“We were dreaming up nightmarish scenarios in our minds,” Madhu says.
When they reached out to a nearby bleeding disorders specialist in western Massachusetts, they became even more worried to hear that he had never before seen anyone with Type 3 von Willebrand disease.
They were very relieved when they discovered the Boston Hemophilia Center and learned that its pediatric specialists — based at the Dana-Farber/Boston Children’s Cancer and Blood Disorders Center — were equipped to provide comprehensive care for not only hemophilia but also von Willebrand disease and many other bleeding disorders.
“Type 3 von Willebrand disease occurs when a genetic mutation completely blocks the body’s production of a critical blood clotting element called von Willebrand factor,” says Dr. Stacy Croteau, who is the associate director of the Boston Hemophilia Center and has been treating Vasudha for several years. “To compensate for this deficiency, patients receive intravenous (IV) infusions of concentrated von Willebrand factor from donated blood plasma.”
Banishing fears with a straightforward care plan
With their daughter in the care of the specialists at the Boston Hemophilia Center, Madhu and Sugastha seized at the chance to learn more about von Willebrand disease.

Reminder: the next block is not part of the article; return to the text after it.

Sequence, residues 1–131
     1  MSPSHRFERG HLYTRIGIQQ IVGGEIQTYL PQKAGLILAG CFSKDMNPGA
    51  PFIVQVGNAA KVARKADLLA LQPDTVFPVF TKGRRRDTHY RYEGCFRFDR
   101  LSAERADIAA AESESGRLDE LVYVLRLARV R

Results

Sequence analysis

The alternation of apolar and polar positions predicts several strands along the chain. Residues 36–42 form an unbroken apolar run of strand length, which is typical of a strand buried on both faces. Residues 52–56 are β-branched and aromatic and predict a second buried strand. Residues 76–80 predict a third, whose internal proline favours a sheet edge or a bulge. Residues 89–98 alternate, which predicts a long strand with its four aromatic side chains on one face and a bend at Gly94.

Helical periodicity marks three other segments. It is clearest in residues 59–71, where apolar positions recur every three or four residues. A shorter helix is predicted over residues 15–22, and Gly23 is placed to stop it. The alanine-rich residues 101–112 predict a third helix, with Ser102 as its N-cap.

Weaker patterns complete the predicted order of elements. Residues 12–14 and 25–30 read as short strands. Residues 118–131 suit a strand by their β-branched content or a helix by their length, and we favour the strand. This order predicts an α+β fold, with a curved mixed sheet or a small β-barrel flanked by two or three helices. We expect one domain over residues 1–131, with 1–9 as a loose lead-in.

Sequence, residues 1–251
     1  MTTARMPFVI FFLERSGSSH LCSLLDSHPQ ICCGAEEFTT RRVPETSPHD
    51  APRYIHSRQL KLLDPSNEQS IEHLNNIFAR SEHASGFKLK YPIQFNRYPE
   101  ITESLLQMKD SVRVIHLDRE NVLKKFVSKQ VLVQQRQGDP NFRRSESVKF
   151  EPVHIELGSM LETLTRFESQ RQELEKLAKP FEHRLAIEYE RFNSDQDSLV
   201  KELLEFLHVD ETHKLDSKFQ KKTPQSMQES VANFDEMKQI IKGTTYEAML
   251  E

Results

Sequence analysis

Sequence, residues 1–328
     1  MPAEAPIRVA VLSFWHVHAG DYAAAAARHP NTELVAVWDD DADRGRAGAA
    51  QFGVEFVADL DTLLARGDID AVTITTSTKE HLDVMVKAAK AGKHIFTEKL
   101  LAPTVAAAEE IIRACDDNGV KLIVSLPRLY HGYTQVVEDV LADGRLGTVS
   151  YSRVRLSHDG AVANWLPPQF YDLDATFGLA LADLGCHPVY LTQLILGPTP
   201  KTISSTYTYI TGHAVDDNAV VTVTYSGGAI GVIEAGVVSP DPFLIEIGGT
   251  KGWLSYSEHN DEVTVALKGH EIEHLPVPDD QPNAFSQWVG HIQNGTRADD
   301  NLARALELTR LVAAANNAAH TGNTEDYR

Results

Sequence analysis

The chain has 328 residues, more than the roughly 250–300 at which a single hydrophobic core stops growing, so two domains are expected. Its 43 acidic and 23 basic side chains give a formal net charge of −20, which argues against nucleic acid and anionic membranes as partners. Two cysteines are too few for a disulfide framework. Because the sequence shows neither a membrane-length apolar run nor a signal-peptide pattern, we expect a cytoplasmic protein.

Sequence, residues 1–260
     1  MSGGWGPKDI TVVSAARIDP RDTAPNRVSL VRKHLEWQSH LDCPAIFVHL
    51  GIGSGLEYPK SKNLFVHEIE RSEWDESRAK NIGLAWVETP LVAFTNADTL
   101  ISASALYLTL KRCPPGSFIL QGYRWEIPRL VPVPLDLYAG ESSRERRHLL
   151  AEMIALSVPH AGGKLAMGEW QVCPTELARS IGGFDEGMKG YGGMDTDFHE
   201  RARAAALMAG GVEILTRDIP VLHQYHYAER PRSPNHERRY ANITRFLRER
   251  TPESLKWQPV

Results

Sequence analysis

“We probably emailed her doctor about 60 questions at a time,” Madhu says with a laugh. “Quickly, we realized that looking for answers online had led us down a road of fear — on the internet, we found lots of scary stories of people suffering internal bleeding and horrific nosebleeds.”
Soon, with the help of Vasudha’s care team, their outlook became more hopeful. Not long after getting connected to the Boston Hemophilia Center, Vasudha was able to start receiving blood plasma transfusions to treat her condition.
“Oftentimes, regular at-home infusions (prophylaxis) for type 3 von Willebrand disease can begin in young childhood,” Dr. Croteau says. “The von Willebrand clotting concentrate is shipped right to the patient’s home. A home infusion nurse will visit twice a week to administer the transfusion though an intravenous line until the parent or the patient feel comfortable doing it themselves.”